On July 24th, 2018, world wide celebrity and pop icon Demi Lovato suffered an overdose. To some, the overdose came as a deep and troubling shock. To others, unfortunately, the overdose was only part of a downward spiraling tale that is relapse from addiction recovery. Lovato has been nothing less than outspoken about her trials and tribulations in sobriety. In October of 2017, she released a documentary, Simply Complicated, on YouTube which detailed her journey through addiction, treatment, and recovery. She talked about the difficulty she had in staying sober, fighting her demons, and finding a lifestyle of recovery which worked for her. Like the men in our program at Tree House Recovery, Demi found a fantastic outlet in fitness, training, and martial arts.
Just months after celebrating the six year mark of her sobriety Lovato released a song called “Sober” which plainly explained that she wasn’t sober any longer and had relapsed. Another month later and news spread like wildfire on July 24, 2018, that Demi Lovato had suffered an overdose, was taken to the hospital, and was being stabilized. Though the drug of use was not reported by Lovato or the people in her home at the time of the overdose, it was reported that the drug Narcan was used to bring her back to consciousness.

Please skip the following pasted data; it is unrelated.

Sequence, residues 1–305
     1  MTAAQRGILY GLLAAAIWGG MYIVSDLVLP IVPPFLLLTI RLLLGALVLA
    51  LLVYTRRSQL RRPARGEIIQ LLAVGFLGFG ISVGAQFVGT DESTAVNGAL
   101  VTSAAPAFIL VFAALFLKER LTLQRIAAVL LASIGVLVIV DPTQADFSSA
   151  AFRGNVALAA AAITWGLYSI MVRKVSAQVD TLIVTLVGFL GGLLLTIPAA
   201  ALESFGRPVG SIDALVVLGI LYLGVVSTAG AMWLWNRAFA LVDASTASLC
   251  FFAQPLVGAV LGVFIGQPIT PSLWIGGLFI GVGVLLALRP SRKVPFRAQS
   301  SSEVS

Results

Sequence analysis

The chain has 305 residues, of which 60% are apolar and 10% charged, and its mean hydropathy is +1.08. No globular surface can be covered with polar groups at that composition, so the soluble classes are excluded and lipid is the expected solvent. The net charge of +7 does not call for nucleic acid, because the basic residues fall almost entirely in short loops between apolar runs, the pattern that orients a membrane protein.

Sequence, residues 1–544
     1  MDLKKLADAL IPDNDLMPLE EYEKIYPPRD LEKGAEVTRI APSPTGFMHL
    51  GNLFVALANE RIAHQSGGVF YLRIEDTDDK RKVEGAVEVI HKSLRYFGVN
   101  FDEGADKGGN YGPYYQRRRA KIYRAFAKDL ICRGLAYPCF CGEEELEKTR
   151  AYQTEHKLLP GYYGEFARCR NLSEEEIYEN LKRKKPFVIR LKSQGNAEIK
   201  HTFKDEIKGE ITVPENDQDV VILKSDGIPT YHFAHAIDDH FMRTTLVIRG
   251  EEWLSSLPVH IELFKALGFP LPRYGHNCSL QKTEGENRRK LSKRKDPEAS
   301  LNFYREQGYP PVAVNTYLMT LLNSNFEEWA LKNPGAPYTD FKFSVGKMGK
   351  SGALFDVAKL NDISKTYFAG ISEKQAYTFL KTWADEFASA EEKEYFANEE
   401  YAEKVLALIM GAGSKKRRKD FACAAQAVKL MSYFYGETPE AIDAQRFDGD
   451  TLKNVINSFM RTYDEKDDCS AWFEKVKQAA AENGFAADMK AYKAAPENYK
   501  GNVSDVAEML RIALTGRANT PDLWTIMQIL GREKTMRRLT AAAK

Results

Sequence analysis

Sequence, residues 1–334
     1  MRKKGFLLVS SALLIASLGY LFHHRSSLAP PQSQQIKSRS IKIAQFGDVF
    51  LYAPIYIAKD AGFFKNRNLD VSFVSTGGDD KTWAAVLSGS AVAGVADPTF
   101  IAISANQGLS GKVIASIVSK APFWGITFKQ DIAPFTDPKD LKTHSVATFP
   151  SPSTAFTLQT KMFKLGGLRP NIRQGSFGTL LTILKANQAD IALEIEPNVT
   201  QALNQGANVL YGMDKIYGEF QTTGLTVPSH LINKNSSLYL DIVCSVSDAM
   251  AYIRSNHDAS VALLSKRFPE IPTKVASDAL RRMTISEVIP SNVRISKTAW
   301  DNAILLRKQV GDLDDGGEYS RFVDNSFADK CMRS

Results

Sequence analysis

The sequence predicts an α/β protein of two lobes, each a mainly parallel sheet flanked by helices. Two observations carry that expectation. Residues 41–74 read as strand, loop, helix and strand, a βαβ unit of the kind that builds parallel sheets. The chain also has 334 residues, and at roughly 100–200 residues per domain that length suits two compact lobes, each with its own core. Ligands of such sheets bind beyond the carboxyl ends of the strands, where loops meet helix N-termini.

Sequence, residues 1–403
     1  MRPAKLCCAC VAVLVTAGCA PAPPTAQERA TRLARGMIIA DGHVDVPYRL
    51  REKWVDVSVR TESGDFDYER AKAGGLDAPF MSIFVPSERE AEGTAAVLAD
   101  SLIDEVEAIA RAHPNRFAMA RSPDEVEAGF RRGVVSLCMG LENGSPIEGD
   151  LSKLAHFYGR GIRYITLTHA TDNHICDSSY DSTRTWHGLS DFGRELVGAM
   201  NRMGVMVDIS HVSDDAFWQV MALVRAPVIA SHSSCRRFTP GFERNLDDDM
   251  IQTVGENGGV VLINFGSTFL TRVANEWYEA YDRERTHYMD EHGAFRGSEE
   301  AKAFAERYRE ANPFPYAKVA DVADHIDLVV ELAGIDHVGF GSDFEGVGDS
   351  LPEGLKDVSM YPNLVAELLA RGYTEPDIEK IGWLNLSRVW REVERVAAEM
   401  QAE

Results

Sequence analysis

What Is Narcan?
Narcan is the brand name of a drug called Naloxone and is an opioid reversal medication which can quite literally bring someone experiencing an opioid overdose back from the brink of death. In light of the opioid epidemic, Narcan has gained most notoriety for helping heroin users reverse an overdose. However, Narcan works for all different kinds of opioid overdoses, which can come from prescription or black market pills. The stigma attached to heroin is unfortunate, shaming, and damaging. Presuming that someone who has been administered Narcan is a heroin user, or had used heroin intravenously, can also be damaging.
Narcan works as a nasal spray or an injection. Once the medication enters the bloodstream, it rapidly reaches the brain to block opioid receptors where the intoxication of an opioid is taking place. Disallowing the opioid neurotransmitters created by the opioid drug to prolong intoxication, the overdose immediately stops.
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